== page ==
Monitoring behaviour and catching cheats: Improving education with big data

Education | Sectors   |   
Published December 30, 2013   |   
Gil Allouche

Big data has got a lot of attention in the business world, but why shouldn’t it be applied to other sectors as well? The ability to integrate and analyse data sets can create useful insights in all areas of life, and several startups have taken that vision and applied it to education. Education faces many challenges, from limited funding, to managing classrooms, to improving student outcomes, but now, thanks to big data services, high-tech solutions may make dealing with these challenges a little bit easier.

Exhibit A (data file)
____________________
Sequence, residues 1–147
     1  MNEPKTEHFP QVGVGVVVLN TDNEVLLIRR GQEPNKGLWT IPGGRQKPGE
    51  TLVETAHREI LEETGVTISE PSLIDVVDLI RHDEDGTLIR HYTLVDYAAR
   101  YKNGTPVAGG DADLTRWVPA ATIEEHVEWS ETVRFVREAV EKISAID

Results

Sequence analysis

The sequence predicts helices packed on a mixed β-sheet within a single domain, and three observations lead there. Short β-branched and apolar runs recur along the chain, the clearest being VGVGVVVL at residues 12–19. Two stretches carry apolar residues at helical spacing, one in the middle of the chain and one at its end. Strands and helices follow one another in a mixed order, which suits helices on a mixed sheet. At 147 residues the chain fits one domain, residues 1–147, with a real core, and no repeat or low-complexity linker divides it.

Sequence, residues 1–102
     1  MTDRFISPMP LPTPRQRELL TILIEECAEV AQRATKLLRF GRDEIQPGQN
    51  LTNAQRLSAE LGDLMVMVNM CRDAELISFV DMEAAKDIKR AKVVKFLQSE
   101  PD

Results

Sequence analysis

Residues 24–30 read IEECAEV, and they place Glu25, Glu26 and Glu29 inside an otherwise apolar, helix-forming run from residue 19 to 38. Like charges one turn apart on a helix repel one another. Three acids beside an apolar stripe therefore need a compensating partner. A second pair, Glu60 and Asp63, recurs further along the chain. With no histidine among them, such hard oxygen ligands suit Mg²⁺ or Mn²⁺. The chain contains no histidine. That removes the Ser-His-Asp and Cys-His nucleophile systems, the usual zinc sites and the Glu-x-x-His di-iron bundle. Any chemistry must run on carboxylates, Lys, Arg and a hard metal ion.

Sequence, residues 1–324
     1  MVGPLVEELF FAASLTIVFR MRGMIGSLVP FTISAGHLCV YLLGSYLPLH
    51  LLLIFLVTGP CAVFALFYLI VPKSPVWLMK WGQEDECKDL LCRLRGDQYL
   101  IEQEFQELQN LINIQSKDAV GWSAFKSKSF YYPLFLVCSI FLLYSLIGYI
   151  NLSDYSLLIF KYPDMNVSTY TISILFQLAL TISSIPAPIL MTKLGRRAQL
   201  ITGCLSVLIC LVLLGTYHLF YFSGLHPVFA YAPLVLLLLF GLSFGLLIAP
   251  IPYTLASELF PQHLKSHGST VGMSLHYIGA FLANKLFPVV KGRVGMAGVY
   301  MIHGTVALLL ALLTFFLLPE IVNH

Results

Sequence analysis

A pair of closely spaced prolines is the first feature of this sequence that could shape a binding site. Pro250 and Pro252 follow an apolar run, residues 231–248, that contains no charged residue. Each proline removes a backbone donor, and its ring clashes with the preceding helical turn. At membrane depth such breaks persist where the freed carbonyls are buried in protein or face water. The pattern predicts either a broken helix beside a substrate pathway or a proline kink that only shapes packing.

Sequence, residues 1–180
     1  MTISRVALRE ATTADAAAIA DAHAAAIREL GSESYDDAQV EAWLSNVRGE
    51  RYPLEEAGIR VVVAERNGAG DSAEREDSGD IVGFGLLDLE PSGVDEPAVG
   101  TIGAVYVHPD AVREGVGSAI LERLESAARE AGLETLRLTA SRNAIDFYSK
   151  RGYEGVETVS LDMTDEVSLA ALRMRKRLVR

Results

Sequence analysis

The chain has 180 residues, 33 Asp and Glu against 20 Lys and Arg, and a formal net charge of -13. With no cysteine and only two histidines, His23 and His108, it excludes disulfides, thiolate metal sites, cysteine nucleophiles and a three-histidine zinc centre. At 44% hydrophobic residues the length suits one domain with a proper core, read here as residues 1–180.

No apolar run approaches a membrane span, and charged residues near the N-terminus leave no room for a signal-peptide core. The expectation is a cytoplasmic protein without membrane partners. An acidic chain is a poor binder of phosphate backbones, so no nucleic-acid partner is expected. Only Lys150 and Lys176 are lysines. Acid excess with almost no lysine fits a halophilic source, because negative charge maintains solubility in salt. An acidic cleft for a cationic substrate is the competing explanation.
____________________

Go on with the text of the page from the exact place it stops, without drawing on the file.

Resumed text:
Improving class behaviour

Managing students who are acting out or refusing to participate can quickly take up a good chunk of the school day, and often parents are unaware of how their child is behaving in class unless they do something big enough to warrant a phone call. Now a website and app called Class Dojo could help improve class discipline and keep parents in the loop at the same time.

The app seeks to gamify discipline by giving students points for good behaviour and taking away points for bad behaviour. The app allows students to create their own avatar, and teachers can choose to grant awards when students gain a certain number of points. It also permits parents to log on and see if their child has been gaining or losing points and why, and creates a time-stamped report indicating how an individual child or an entire class was doing throughout the day. Ultimately, the data created is useful for teachers and parents alike who are looking for patterns about their students’ behaviour.

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